Information processing is a central part of modern work. Whether it’s at an office desk, in a surveillance unit (such as air traffic control or industrial monitoring), at the controls of a modern transportation vehicle (such as an airplane, train, or car), or at a supermarket checkout – due to rapid technological advancements, users nowadays are required to process more information in less time than ever before. The demands often exceed the capacity of human information processing. Various moderating factors such as age, fatigue, stress, or lack of motivation can impair the ability of humans to accurately perceive and respond to information. Overloading of individual processing capacity and distraction by environmental stimuli are central causes of errors in human-machine interaction and can lead to increased accident risks and decreased efficiency.
In the Information Processing research unit, mechanisms and principles of human information processing are investigated. The range of basic research extends from focusing attention on specific content to the temporary storage of information and the preparation of appropriate actions. The second focus in this field is the modulation of these processes by cognitive influencing factors. An important goal of these projects is the implementation of psychological experiments with a strong relevance to specific requirements in the work environment.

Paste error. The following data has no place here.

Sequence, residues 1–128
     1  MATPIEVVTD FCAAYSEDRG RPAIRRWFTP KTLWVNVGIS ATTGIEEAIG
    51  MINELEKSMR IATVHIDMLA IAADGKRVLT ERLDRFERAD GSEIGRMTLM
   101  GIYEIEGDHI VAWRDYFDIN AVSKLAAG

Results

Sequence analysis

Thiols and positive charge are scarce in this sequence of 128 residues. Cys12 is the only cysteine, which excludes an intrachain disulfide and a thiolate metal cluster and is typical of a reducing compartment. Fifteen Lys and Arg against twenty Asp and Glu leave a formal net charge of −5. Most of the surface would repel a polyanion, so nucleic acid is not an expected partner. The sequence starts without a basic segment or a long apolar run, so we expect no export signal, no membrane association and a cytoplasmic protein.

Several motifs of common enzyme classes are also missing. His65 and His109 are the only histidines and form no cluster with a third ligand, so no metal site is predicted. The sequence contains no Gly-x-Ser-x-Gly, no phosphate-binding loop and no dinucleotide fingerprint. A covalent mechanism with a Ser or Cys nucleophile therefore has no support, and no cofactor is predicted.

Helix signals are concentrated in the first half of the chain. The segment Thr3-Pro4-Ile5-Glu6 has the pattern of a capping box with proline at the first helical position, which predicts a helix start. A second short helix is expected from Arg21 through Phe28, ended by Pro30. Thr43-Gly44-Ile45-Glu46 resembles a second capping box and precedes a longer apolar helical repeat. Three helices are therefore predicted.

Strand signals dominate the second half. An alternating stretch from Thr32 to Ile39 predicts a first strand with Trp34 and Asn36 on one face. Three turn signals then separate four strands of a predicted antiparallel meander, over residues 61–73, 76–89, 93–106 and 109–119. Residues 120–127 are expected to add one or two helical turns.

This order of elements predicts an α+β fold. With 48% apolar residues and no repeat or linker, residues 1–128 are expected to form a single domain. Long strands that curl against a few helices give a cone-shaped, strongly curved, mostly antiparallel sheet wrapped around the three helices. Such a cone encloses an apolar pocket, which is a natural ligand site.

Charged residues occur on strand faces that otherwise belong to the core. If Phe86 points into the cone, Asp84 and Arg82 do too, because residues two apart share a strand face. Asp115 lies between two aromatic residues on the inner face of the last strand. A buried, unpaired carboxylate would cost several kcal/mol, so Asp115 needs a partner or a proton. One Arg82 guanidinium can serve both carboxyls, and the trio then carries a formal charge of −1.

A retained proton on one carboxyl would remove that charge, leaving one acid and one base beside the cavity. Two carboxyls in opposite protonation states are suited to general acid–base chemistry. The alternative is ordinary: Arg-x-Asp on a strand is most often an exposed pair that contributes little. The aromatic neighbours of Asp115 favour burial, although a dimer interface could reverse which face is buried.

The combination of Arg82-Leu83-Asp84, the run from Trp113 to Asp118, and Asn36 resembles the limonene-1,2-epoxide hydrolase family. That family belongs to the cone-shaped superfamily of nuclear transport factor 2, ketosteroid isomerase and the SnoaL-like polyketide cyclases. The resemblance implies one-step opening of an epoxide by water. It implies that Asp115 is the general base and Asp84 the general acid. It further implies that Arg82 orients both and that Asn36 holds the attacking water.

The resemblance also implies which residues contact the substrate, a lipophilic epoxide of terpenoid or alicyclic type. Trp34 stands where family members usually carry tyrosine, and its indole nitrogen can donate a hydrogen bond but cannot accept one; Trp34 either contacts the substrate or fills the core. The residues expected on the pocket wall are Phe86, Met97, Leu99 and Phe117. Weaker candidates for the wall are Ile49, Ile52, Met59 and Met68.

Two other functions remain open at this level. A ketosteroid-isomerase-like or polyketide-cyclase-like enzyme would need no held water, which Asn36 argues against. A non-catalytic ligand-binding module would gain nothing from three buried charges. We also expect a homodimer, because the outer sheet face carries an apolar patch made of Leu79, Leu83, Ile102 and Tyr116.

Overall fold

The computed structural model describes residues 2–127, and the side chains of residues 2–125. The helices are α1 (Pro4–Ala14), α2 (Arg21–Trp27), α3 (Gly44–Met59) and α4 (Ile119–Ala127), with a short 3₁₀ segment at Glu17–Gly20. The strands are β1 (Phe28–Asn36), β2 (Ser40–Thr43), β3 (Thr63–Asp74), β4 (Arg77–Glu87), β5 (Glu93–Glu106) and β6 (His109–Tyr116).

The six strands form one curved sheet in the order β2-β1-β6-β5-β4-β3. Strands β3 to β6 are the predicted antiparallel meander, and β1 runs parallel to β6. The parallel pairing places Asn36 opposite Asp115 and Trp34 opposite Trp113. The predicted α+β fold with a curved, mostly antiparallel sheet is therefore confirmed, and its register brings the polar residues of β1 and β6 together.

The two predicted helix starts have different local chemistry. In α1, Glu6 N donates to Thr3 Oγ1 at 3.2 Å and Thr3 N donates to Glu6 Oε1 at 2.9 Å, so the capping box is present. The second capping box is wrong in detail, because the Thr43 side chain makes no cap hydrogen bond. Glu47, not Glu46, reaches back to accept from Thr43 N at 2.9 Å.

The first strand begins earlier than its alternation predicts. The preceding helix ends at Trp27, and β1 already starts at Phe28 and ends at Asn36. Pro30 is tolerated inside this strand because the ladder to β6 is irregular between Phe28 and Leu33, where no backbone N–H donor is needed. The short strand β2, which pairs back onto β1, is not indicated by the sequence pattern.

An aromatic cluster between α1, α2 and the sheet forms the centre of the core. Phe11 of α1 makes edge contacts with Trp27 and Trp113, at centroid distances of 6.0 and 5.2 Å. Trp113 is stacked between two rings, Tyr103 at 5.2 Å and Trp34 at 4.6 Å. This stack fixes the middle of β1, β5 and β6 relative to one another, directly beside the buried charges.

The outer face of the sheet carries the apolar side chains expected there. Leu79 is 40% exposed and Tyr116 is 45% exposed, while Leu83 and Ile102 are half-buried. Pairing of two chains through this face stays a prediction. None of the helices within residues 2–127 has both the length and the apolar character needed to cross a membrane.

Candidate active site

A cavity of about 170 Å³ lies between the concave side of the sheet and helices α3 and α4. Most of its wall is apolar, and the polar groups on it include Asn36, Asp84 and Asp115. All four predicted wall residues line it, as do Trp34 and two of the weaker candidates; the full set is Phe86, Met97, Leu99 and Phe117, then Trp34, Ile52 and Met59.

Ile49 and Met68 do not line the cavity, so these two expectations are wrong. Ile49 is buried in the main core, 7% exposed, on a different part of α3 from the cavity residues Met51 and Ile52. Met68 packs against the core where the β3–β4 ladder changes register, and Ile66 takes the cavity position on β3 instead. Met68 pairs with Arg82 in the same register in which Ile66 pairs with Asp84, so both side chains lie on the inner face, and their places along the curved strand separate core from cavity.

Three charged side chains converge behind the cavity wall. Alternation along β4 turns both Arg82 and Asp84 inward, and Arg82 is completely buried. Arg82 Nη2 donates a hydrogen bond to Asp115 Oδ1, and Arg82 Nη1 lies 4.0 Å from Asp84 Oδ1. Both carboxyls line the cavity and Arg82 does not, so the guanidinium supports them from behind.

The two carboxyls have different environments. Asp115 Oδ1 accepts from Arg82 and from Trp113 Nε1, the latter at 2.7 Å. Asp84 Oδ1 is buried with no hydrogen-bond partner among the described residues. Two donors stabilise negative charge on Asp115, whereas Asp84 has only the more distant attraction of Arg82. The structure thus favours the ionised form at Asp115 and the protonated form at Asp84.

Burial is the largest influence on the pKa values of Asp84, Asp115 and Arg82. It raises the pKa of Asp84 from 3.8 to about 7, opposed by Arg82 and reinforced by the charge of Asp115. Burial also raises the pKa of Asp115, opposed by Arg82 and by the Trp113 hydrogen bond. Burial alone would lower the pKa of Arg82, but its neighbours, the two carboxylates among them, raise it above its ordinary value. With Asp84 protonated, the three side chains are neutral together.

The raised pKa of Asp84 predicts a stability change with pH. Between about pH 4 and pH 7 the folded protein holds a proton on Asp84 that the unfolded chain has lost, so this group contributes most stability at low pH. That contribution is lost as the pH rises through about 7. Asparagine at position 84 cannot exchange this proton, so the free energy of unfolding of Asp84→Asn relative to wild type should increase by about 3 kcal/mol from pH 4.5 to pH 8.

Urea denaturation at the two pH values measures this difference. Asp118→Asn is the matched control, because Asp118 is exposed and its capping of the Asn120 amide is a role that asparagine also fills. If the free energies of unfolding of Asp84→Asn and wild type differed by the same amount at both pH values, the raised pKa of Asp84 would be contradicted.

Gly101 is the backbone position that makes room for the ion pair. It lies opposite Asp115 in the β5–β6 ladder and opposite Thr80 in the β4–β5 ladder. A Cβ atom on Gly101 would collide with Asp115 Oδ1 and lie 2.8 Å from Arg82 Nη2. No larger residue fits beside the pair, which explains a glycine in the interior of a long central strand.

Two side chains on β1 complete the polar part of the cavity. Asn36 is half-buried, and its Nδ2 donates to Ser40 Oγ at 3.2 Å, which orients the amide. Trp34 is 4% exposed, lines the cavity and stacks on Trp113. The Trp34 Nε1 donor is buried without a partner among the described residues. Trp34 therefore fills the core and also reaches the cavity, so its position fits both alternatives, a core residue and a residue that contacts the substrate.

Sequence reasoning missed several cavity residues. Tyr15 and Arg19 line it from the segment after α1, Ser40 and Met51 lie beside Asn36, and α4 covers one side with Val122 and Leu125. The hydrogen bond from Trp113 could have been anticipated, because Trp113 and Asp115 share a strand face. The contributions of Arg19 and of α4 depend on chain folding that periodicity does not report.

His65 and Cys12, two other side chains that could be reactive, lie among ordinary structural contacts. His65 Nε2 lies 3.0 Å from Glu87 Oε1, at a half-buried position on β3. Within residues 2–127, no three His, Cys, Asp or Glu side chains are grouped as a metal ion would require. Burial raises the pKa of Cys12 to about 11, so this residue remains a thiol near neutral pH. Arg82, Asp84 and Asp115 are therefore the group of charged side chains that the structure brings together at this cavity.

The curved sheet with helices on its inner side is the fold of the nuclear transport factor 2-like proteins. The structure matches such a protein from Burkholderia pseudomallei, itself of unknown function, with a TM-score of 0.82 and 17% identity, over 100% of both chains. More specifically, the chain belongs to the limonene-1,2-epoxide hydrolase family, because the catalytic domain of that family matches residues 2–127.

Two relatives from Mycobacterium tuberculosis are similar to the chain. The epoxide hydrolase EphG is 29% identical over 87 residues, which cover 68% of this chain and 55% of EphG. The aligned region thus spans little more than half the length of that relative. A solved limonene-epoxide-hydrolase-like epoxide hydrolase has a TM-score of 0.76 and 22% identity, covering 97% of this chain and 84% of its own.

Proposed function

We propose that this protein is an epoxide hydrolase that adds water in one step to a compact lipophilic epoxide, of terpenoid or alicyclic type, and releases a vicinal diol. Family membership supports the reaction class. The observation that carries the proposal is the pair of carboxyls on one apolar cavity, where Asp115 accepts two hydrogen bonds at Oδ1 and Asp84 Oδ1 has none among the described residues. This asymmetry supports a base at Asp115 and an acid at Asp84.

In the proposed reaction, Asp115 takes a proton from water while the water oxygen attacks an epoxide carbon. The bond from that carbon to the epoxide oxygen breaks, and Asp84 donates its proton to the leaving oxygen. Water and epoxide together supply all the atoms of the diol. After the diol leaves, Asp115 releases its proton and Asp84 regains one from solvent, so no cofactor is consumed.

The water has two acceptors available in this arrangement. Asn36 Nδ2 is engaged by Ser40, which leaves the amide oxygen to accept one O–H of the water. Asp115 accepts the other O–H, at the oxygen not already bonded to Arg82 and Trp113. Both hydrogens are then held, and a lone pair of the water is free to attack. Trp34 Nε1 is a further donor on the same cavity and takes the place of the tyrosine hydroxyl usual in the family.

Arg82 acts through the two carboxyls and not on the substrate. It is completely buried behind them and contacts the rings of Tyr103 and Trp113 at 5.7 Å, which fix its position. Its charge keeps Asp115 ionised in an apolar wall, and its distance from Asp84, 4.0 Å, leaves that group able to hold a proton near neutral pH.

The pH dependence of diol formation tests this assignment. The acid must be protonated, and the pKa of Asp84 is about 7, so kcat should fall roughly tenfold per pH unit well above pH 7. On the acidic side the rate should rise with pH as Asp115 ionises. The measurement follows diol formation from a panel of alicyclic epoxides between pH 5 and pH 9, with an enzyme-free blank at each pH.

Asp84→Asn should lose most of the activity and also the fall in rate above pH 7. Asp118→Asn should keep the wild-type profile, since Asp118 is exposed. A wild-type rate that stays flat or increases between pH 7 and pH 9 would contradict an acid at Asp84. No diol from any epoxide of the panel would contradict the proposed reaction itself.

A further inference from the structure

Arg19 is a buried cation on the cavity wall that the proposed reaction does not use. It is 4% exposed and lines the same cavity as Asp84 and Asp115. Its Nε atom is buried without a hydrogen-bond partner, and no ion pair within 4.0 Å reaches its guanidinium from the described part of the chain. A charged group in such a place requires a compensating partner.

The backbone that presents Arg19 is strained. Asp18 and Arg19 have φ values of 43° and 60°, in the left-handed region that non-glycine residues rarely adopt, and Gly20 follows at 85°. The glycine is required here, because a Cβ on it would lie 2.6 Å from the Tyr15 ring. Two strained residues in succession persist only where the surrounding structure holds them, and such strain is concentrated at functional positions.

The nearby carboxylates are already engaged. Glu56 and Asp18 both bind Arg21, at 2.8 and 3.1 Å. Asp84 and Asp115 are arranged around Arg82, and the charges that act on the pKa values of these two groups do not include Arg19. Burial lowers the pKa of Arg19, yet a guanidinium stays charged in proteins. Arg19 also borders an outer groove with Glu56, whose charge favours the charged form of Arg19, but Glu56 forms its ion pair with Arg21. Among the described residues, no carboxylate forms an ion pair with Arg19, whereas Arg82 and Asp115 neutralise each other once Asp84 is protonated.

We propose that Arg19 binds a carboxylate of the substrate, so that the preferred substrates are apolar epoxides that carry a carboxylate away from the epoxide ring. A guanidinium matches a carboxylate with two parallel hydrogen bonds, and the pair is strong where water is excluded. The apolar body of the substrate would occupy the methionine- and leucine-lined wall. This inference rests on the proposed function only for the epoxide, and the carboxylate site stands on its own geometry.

The capacity of human information processing is limited. Therefore, from a continuous stream of signals, those that are relevant for future actions must be selected and stored in short-term or working memory. In addition, goal-directed behavior requires the adaptation of stored information to changing environmental conditions. The research group investigates the fundamentals of these selection processes. Furthermore, the question of what happens to the irrelevant or non-selected information is important. Can irrelevant information be deliberately suppressed or forgotten? In addition to this, we investigate how the described attention and memory processes occur in the processing of multimodal information. The focus here is primarily on research on the integration of visual and auditory information.
Perception and information processing processes are influenced by cognitive factors. How quickly and how well we process a task depends, for example, on how much we can or want to concentrate on the task, whether we must work on multiple tasks simultaneously, and how we evaluate the processed task. Based on the findings of this research, tasks and work environments should be designed in a way that cognitive factors have the most positive effects on subjective performance and well-being.